IDG News Service - With Russia facing stiff competition from other countries' emerging economies for a piece of the global high-tech market -- especially offshore outsourcing contracts -- corporate leaders in Moscow are complaining that the Russian government is not doing enough to support the industry.
In comparison with moves taken by the Indian and Chinese governments, Russian efforts leave much to be desired, they say.
"Government support is an important part of the industry, and the Russian government is not doing very much, to say the least," said Alexis Sukharev, president of Auriga Inc., an IT consultancy and offshore outsourcing firm with offices in Moscow and New Hampshire. "Compared to India, Russia is doing nothing at all. It's laughable."
Russia's high-tech industry has been growing at an impressive pace -- about 10% a year over the past four years, according to RusSoft, the national software developers association.
But despite aggressive marketing campaigns, such as a road show of Russian software developers touring Germany from Oct. 21 to 29, Russian firms have had little success beating out Indian companies for lucrative outsourcing contracts. And with China increasingly touted as the next major outsourcing hub, many here fear Russia will be left behind. Much of the blame, they say, rests with the Russian government.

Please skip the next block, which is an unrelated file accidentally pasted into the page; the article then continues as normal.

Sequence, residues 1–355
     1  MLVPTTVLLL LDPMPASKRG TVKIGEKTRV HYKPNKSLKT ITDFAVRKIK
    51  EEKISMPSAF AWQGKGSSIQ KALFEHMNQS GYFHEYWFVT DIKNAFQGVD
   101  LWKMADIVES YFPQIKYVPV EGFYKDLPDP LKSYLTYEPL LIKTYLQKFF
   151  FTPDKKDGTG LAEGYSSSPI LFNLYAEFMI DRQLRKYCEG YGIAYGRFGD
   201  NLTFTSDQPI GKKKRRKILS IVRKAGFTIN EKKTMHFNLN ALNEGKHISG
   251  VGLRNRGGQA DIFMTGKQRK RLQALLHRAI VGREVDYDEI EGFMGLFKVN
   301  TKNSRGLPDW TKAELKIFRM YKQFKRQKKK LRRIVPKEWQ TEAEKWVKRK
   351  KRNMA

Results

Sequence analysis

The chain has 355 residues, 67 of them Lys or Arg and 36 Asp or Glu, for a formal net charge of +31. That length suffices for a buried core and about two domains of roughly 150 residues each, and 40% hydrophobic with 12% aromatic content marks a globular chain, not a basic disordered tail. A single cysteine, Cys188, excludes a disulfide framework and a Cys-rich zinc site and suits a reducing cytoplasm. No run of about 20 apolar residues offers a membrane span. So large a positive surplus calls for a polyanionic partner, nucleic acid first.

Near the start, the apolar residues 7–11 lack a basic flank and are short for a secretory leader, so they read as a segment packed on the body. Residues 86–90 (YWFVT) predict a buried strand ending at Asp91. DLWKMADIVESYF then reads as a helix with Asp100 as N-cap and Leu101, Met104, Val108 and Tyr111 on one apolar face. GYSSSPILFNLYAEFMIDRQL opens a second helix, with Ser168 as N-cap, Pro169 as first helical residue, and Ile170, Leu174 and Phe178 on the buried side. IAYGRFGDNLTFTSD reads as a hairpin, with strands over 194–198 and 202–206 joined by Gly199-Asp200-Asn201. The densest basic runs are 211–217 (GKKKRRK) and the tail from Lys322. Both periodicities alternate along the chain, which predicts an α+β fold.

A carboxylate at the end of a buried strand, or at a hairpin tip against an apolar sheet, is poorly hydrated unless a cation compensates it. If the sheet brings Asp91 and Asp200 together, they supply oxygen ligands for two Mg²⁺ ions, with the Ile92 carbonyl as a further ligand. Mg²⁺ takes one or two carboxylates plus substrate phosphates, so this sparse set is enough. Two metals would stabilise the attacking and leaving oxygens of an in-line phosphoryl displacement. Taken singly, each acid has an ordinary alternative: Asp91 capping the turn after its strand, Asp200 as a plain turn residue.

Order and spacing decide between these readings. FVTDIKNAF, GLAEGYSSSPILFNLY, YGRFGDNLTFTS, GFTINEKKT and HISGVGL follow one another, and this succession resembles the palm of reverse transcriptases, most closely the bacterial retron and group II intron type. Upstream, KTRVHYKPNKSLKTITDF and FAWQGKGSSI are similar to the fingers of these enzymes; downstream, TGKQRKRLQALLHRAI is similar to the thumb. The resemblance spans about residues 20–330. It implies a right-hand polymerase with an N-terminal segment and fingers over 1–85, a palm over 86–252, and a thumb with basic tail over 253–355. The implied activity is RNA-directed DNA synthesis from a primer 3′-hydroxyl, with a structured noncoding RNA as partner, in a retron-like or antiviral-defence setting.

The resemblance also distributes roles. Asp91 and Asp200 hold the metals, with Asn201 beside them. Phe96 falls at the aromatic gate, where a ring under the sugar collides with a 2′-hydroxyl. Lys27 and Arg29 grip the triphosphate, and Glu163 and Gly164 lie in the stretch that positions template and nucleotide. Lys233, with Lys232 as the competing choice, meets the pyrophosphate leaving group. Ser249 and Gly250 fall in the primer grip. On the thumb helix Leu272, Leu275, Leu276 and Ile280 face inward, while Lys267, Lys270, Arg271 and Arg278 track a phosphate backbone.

"Look at the Indians and the Chinese. Why can't we do what they're doing? Why doesn't the Russian government seem to care?" asked Dmitry Loschinin, CEO of Moscow-based Luxoft, one of Russia's leading offshore outsourcing firms.
Experts say much of the success of India's IT industry can be traced to government initiatives, such as establishing software technology parks, creating zones where companies are given generous tax advantages for developing exports, significantly reducing technology import duties to promote research and development funding, using offset programs to support local industry and reducing a variety of other taxes.
Beginning in 1995, China started pursuing the same kind of policies, creating high-tech zones where companies enjoy significant tax breaks and providing seed money to IT-related projects. Last year, the Beijing city government passed up software giant Microsoft Corp. in favor of six indigenous companies supplying the Linux operating system.
But Russia, critics say, has done nothing comparable. The government has yet to devise a concrete, long-term development plan for the high-tech sector, let alone take initiatives such as setting up tax-free zones or offset programs.
"The Russian government is doing more than it used to, but it still is not doing enough," Loschinin said.
The only major government high-tech initiative has been the Electronic Russia program, under which government and private partners are spending $2.4
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